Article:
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Shadle v. State

United States District Court, D. Nebraska

February 14, 2017

DILLON SHADLE also known as Riley Nicole Shadle, Petitioner,
v.
STATE OF NEBRASKA, Respondent.

          MEMORANDUM AND ORDER

          Richard G. Kopf, Senior United States District Judge

         This matter is before the court on preliminary review of Petitioner Dillon Shadle's Petition for Writ of Habeas Corpus (Filing No. 1) brought pursuant to 28 U.S.C. § 2254. The court notes that Petitioner filed a previous Petition for Writ of Habeas Corpus. See Dillon Andrew Shadle v. State of Nebraska, 8:16CV186 (D. Neb.). Because the court dismissed Petitioner's first habeas petition without prejudice and did not adjudicate any of Petitioner's claims on the merits, the court will not treat the current habeas petition as a “second or successive.”[1]

         Accordingly, the purpose of this review is to determine whether Petitioner's claims, when liberally construed, are potentially cognizable in federal court. Condensed and summarized for clarity, Petitioner's claims are:

Claim One: Petitioner was not guilty of the offenses because of mental disease or defect, specifically his recent diagnosis of Gender Identity Disorder.
Claim Two: Petitioner was denied effective assistance of counsel because trial counsel did not raise the issue of his competency and that he should have been found not guilty because of mental defect.
Claim Three: Petitioner was denied effective assistance of counsel because trial counsel failed to raise his mental health and past sexual abuse as mitigating circumstances for his convictions and sentences.
Claim Four: Petitioner's sentences are excessive.
Claim Five: The victim's evidence was inadmissible against Petitioner because it was not corroborated by other evidence.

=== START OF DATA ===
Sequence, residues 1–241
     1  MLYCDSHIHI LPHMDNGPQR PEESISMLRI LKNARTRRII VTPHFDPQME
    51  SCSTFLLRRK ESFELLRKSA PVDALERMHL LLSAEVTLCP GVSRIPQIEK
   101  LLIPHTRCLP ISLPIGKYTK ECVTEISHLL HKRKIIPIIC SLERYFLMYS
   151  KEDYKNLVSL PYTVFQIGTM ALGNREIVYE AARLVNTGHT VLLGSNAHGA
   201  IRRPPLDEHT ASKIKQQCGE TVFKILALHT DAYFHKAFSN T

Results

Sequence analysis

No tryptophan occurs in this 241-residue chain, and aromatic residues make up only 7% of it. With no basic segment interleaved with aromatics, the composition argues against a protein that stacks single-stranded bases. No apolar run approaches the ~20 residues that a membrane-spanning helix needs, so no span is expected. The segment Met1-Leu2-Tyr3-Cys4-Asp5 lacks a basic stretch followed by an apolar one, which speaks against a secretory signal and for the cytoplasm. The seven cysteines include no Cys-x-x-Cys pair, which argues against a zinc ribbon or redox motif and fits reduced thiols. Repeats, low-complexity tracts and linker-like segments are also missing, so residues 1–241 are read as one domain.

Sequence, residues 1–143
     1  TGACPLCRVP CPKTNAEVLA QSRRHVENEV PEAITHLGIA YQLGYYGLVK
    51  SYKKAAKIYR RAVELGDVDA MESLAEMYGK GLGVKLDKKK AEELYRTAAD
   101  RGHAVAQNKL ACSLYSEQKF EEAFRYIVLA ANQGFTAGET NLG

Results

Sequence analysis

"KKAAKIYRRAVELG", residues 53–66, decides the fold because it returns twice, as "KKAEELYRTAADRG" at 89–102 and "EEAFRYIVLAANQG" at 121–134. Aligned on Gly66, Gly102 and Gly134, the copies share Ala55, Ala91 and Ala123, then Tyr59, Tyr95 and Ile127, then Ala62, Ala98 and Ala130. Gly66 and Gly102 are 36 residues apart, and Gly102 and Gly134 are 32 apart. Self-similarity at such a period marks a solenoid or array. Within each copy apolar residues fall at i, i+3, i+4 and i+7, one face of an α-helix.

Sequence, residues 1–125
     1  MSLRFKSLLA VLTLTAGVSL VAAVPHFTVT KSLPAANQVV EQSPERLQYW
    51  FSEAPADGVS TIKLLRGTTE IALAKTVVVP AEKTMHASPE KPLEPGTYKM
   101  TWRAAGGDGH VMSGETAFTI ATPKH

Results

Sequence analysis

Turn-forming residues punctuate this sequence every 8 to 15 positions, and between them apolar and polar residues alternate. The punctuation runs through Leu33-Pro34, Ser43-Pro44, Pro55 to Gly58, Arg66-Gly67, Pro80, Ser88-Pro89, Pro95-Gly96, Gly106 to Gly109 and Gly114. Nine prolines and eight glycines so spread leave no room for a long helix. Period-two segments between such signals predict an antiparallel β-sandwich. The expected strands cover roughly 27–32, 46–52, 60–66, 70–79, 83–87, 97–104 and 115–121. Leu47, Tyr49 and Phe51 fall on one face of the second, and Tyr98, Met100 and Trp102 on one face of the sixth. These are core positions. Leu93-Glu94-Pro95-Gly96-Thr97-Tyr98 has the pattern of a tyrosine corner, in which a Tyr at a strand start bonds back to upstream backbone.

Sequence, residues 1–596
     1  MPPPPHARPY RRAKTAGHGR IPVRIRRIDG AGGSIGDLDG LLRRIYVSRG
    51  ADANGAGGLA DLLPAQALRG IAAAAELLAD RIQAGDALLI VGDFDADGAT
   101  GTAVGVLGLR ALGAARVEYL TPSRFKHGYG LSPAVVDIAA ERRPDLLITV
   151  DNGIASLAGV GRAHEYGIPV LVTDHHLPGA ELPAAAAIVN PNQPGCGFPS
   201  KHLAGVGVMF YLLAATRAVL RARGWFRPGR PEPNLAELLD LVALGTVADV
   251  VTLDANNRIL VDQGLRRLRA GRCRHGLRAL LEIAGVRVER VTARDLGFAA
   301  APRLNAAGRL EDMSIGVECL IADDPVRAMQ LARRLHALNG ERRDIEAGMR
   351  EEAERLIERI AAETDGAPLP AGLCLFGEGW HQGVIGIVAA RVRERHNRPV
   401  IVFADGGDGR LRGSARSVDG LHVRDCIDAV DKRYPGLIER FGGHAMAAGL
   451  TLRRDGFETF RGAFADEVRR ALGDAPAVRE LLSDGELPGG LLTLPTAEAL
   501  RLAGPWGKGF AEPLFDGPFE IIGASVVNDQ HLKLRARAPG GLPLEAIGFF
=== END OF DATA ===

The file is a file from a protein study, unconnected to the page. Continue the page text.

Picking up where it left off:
Claim Six: Petitioner's privilege against self-incrimination was violated because he was interrogated after he invoked his right to counsel and before counsel was made available and, therefore, all evidence seized thereafter from his vehicle was inadmissible.
Claim Seven: Petitioner was denied effective assistance of counsel because trial counsel failed to object to the introduction of the illegally seized evidence and to it being considered at sentencing.
Claim Eight: Petitioner was denied effective assistance of counsel because trial counsel did not allow him to review the presentence report.
Claim Nine: Petitioner was denied effective assistance of counsel because counsel did not raise on direct appeal “the issue of disproportionate sentences for acts arising from the same criminal act and receiving maximum or sentences approaching the maximum on separate charged counts arising from the same or the continuation of the same criminal act.” Claim Ten: Petitioner's pleas were not entered knowingly, intelligently, and voluntarily because of his medication.
Claim Eleven: Petitioner was denied effective assistance of counsel because trial counsel failed to raise that his pleas were not entered knowingly, intelligently, and voluntarily due to his medication.
Claim Twelve: Petitioner's Fourth Amendment right to be free from unreasonable search and seizure was violated when his vehicle was searched ...

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